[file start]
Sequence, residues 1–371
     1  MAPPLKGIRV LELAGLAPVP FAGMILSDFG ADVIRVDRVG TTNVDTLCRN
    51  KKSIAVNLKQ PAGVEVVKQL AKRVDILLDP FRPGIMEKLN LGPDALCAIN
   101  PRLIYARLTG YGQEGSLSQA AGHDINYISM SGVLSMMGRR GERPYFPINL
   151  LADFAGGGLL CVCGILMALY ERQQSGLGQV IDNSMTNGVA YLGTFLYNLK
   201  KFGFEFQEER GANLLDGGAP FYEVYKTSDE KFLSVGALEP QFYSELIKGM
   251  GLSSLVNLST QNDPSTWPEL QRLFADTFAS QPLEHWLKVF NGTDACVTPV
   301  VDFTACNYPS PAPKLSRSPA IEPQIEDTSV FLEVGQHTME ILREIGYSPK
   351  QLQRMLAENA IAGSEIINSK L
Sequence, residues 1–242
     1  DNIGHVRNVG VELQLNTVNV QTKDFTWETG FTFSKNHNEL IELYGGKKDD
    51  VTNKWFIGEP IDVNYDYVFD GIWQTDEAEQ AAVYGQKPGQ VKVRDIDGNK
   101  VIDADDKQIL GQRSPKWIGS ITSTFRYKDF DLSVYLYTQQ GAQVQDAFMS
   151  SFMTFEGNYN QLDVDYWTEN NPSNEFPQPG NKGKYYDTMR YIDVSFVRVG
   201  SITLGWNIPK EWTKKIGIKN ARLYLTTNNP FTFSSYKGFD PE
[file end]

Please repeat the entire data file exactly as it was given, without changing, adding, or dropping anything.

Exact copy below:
Sequence, residues 1–371
     1  MAPPLKGIRV LELAGLAPVP FAGMILSDFG ADVIRVDRVG TTNVDTLCRN
    51  KKSIAVNLKQ PAGVEVVKQL AKRVDILLDP FRPGIMEKLN LGPDALCAIN
   101  PRLIYARLTG YGQEGSLSQA AGHDINYISM SGVLSMMGRR GERPYFPINL
   151  LADFAGGGLL CVCGILMALY ERQQSGLGQV IDNSMTNGVA YLGTFLYNLK
   201  KFGFEFQEER GANLLDGGAP FYEVYKTSDE KFLSVGALEP QFYSELIKGM
   251  GLSSLVNLST QNDPSTWPEL QRLFADTFAS QPLEHWLKVF NGTDACVTPV
   301  VDFTACNYPS PAPKLSRSPA IEPQIEDTSV FLEVGQHTME ILREIGYSPK
   351  QLQRMLAENA IAGSEIINSK L
Sequence, residues 1–242
     1  DNIGHVRNVG VELQLNTVNV QTKDFTWETG FTFSKNHNEL IELYGGKKDD
    51  VTNKWFIGEP IDVNYDYVFD GIWQTDEAEQ AAVYGQKPGQ VKVRDIDGNK
   101  VIDADDKQIL GQRSPKWIGS ITSTFRYKDF DLSVYLYTQQ GAQVQDAFMS
   151  SFMTFEGNYN QLDVDYWTEN NPSNEFPQPG NKGKYYDTMR YIDVSFVRVG
   201  SITLGWNIPK EWTKKIGIKN ARLYLTTNNP FTFSSYKGFD PE